To add to what the others have said, it's not usually so much the fly, but the location, location, location where you cast it. Success with spinning tackle does not always relate to success with fly tackle simply because of differences in the weight of flies compared to lures. However, as Ard has said, the fish will be in the same places regardless of the tackle you choose. The issue is usually getting the fly to where the fish are. Also, as Ard has said, positioning yourself for casting is much more critical with fly tackle, because most folks just getting started with fly tackle can't cast a fly line & the fly similar distances or sometimes with the same accuracy as they can with other tackle.
IMO, all flies will catch some fish, regardless of how pretty or ugly they are or how well they're tied.
Work on improving your tying skills, and subsequently your flies, because that will improve their quality & they will last longer, which will eventually equate to more fish per fly. Tying is also a lot of fun too, so learning the various techniques will expand the enjoyment of tying your own. If you continue to tie proven patterns such as the Woolly Buggers, that should not even be an issue. But, like lures, nothing works all the time.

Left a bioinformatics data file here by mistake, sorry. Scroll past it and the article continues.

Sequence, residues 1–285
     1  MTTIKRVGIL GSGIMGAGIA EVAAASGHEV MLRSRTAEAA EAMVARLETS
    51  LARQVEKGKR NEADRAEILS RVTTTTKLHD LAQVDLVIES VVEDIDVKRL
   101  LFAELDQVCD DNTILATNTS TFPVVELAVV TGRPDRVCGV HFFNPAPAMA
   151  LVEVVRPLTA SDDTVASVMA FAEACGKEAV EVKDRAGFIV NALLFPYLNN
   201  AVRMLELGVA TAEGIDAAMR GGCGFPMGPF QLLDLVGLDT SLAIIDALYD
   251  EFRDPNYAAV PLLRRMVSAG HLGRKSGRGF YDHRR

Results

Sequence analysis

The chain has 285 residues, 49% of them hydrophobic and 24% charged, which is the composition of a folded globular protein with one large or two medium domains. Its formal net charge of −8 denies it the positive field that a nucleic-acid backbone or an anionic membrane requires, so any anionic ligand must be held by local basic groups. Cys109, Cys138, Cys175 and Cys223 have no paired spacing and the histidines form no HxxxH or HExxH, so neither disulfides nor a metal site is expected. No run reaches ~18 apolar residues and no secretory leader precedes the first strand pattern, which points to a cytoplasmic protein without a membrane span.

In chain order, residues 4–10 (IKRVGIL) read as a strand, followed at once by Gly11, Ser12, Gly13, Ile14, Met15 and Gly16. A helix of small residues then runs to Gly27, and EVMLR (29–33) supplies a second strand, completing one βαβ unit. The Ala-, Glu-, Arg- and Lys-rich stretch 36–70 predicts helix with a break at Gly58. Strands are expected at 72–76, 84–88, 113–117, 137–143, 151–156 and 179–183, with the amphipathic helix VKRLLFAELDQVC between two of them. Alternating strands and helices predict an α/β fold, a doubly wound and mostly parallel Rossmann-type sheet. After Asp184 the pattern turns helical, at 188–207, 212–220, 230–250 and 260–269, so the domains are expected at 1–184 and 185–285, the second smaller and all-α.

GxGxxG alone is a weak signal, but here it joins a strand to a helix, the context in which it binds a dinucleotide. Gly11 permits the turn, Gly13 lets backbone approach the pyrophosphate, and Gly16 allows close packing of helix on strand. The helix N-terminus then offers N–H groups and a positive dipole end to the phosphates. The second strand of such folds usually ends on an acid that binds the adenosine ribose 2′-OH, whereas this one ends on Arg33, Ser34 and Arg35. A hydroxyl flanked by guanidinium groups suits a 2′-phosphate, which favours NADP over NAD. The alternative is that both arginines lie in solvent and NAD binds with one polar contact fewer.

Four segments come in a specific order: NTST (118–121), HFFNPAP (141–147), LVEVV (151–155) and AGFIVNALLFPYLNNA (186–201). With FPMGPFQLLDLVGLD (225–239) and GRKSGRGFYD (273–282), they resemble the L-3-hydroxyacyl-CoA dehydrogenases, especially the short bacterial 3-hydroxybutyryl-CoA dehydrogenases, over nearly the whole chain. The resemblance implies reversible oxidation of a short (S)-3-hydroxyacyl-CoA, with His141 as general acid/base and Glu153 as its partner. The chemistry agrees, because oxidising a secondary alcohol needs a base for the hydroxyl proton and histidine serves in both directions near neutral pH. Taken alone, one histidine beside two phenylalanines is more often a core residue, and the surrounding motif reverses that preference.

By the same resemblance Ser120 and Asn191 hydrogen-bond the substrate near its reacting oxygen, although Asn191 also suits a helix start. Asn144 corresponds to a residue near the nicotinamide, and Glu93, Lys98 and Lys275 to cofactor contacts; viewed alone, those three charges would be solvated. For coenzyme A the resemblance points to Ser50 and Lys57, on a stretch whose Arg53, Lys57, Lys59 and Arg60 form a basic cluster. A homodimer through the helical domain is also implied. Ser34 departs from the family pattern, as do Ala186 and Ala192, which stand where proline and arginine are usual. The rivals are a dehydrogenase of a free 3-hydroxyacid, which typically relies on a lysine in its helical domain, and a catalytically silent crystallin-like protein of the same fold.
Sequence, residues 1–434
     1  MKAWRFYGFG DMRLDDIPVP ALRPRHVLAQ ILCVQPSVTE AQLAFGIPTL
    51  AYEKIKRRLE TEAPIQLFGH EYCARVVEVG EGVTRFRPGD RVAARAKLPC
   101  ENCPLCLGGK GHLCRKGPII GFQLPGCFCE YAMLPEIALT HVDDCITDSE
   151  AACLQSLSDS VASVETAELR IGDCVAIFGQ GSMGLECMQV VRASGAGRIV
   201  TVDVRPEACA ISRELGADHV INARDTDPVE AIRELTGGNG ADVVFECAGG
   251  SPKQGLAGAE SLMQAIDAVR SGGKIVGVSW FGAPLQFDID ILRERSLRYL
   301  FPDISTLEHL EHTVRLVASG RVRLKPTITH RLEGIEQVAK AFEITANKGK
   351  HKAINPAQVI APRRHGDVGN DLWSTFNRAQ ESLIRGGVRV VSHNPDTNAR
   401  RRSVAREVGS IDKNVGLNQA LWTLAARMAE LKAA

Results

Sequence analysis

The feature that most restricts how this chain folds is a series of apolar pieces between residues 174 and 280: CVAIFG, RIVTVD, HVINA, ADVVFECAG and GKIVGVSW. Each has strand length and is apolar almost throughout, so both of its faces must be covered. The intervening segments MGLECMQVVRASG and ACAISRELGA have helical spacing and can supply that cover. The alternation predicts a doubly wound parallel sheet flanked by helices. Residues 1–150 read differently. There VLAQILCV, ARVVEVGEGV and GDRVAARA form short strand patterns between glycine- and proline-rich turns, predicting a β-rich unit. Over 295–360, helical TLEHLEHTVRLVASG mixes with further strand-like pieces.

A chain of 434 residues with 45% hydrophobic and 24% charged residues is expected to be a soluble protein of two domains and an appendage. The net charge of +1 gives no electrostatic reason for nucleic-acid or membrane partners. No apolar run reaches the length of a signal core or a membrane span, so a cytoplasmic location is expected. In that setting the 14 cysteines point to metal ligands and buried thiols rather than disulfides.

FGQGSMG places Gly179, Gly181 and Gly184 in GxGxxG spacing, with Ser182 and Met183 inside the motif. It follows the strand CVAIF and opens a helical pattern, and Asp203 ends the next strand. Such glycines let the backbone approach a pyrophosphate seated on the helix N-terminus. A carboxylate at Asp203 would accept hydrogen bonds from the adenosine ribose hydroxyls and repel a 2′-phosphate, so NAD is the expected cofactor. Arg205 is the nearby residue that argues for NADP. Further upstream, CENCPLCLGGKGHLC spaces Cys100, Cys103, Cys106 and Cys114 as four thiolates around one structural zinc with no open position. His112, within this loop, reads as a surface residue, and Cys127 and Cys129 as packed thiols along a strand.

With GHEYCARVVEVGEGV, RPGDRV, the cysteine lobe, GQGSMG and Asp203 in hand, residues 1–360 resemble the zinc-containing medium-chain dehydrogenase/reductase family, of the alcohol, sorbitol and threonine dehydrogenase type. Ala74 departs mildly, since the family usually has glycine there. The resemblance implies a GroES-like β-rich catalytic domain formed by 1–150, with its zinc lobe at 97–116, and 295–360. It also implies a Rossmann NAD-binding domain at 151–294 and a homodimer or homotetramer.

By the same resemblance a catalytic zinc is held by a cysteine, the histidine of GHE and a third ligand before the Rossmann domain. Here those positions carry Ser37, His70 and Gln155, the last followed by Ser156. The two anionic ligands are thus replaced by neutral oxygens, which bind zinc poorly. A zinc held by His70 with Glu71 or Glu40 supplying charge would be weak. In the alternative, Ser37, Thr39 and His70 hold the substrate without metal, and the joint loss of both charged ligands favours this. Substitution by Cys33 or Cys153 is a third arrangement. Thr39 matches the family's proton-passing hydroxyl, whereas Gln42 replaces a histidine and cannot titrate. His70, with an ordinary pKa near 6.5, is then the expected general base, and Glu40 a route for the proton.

Also, work on improving your presentation skills, just as you have said you have done with other tackle. Just as with lures, where you cast it, and how you retrieve the lure makes a difference in success. Flies are no different, but do require adjustments from what you've been doing with lures. The adjustments will be such things as sink rates & of course sizes. Flies may not sink as fast as lures you've been using, so you need to allow them longer time to get to the depth required. If you've been using lures of a certain size with success, then flies of similar size might be in order, if the fly rod & line you have will cast that size fly. Fly rods, like spinning or bait casting tackle, are not one size fits all, so don't expect the same types of result. You still have to compare apples to apples.
To further add to what Ard has said, next time you go fishing, concentrate on the fishing & not as much on the catching. This may sound odd, but I found very early in my fly fishing experience, that once I improved my casting & presentations, catching more fish was an added bonus. Eventually, I went to bigger & heavier fly rods & flies, and the size of fish I caught increased. This is not to say that big fish won't eat small flies. But, generally bigger flies entice bigger fish more than smaller flies, particularly species such as bass. I'm primarily a bass & Striped bass angler, which is easier to up size for as far as tackle goes. Trout can be similar, but you do have to do it in a manner that fits the size of the trout in your area. If the waters hold nothing but 6" trout, then 10" streamers are not going to improve your catch rate of trout. It might however improve you chances with bigger bass, but only if you have the equipment to handle such a big fly.